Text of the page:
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Whether one is producing music, podcasts, game sounds, or film sound effects, Digital Audio Principles provides the tips and techniques that will make the project a success. Author Dave Schroeder explains the basics of digital audio production techniques and covers the essential hardware and software. He also discusses sound theory, frequency response, the range of human hearing, and dynamic range.
Regardless of what type of application you are working with, you're going to find that audio software interfaces tend to be made up of a few core components. And many of the features and functionalities of these different types of software are similar. There are a lot of similarities. In this section we're going to look at the different components or the different sections that you can find in most audio software. So we'll cover the transport, and the toolbar, the Edit/Arrange window, the mixer, and the file list. What I'm hoping is that if you get to know these different components or sections of software, you can open up any piece of software and not feel like you're completely lost.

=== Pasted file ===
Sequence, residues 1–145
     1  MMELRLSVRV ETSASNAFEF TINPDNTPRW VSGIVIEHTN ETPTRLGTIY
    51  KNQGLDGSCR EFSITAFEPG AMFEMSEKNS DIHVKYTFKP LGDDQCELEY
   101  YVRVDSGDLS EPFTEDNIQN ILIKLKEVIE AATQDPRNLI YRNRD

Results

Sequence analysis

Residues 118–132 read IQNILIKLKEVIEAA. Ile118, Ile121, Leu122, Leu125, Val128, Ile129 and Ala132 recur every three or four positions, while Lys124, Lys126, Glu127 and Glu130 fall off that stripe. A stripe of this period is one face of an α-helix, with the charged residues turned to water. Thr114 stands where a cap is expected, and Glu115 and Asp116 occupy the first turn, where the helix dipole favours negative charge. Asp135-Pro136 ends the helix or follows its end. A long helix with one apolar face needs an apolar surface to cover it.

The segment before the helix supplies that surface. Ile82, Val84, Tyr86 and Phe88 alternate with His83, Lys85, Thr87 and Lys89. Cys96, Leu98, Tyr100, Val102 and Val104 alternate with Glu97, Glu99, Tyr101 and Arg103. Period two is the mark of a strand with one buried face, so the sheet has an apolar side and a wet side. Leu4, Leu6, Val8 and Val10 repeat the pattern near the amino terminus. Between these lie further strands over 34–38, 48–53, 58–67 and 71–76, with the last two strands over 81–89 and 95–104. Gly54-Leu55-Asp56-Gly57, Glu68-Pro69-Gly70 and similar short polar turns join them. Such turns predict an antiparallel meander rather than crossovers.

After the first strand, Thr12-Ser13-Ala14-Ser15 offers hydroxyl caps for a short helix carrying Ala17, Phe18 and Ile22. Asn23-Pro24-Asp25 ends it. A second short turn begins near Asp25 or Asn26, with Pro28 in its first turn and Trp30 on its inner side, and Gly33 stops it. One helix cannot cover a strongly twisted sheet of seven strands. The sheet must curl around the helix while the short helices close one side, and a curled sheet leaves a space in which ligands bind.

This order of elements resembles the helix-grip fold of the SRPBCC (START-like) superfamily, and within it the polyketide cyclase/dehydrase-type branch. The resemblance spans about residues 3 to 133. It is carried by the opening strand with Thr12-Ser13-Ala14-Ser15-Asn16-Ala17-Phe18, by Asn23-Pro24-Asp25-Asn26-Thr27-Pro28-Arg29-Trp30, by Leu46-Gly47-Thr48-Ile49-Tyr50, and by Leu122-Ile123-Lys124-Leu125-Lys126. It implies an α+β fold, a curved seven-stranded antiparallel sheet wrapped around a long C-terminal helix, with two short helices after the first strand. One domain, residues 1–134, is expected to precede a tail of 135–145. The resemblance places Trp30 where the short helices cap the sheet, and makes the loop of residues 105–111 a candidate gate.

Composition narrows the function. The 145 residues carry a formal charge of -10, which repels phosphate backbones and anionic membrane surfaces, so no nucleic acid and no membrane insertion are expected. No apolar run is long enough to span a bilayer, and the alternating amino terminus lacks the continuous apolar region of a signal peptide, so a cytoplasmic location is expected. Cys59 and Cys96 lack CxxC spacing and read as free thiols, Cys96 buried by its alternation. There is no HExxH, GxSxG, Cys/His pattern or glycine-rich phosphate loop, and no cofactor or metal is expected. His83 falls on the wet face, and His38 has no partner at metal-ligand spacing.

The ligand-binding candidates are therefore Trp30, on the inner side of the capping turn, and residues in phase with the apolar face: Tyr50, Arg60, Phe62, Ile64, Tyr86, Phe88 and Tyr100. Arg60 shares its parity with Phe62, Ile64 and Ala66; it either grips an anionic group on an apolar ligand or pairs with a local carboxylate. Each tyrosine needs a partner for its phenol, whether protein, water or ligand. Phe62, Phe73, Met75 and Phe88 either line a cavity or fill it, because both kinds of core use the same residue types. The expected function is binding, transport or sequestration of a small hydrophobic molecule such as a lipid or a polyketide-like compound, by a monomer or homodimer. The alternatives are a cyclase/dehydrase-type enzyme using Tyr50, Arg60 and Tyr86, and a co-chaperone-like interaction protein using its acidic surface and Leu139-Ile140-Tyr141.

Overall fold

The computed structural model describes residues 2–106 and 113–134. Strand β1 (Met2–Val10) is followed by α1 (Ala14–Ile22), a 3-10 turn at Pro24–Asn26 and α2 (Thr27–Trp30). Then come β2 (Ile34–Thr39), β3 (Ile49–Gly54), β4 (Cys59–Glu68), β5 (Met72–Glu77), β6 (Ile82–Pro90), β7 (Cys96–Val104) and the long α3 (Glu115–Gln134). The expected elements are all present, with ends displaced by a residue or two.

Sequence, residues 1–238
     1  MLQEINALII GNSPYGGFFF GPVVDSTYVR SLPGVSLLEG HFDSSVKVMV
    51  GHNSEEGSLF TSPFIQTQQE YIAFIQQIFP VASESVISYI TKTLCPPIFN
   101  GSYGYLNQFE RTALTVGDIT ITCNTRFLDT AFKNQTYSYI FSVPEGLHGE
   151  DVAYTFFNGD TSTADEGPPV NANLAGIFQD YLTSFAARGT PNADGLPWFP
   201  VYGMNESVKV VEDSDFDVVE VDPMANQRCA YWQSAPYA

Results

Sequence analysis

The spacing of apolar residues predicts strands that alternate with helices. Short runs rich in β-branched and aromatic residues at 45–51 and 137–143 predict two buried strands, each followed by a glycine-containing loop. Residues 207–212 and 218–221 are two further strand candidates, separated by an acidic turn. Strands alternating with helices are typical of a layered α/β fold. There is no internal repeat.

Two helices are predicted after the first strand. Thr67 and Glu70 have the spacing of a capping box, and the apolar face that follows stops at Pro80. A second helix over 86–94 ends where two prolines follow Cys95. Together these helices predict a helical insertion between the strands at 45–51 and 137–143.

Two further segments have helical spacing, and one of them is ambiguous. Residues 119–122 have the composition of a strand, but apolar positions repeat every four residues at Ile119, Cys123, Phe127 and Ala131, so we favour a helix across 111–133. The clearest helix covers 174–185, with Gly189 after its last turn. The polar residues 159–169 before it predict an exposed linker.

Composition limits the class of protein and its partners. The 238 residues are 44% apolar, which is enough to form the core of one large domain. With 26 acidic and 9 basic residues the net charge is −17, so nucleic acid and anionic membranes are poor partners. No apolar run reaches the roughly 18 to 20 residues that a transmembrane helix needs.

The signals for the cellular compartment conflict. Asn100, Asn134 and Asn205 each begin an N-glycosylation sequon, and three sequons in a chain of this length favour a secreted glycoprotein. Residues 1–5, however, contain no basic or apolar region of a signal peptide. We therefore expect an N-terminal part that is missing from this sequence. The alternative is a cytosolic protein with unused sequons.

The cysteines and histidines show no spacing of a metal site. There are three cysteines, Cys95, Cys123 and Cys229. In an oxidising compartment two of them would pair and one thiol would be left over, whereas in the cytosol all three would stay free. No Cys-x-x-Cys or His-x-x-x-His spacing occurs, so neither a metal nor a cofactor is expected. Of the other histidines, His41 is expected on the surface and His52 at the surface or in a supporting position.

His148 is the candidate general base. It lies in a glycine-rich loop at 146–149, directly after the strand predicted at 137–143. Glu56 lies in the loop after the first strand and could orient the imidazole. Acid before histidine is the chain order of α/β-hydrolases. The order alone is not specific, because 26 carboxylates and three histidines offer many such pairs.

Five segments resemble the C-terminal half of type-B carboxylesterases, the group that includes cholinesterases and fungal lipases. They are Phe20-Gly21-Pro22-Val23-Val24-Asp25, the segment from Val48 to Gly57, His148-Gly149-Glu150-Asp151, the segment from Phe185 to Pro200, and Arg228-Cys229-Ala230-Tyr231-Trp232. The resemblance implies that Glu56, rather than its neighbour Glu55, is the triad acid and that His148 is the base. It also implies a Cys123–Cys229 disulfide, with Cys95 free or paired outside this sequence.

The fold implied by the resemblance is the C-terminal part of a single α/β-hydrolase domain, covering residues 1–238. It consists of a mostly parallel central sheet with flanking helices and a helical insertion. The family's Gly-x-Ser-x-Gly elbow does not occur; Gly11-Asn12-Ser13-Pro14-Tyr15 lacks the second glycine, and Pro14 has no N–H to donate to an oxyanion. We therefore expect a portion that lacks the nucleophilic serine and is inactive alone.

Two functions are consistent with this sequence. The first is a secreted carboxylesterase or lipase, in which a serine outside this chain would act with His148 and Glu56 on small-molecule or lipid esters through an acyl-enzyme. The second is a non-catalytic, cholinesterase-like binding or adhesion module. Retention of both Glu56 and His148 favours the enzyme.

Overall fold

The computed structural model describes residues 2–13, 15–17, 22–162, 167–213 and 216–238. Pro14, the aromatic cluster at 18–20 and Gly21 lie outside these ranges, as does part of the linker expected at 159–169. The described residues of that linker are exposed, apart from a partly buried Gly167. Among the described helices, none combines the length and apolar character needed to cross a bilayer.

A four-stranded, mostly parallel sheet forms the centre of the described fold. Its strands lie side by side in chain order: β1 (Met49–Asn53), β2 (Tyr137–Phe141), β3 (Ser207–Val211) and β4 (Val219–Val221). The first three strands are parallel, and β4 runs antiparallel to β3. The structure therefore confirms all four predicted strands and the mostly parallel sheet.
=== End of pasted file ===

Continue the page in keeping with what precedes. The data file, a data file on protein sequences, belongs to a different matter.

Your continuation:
You'll be able to look at different things and say, okay, this is the transport area, and ah, here's the mixer. So we just want to highlight what these different sections are and then talk about what they do. So let's start by looking at the Transport.
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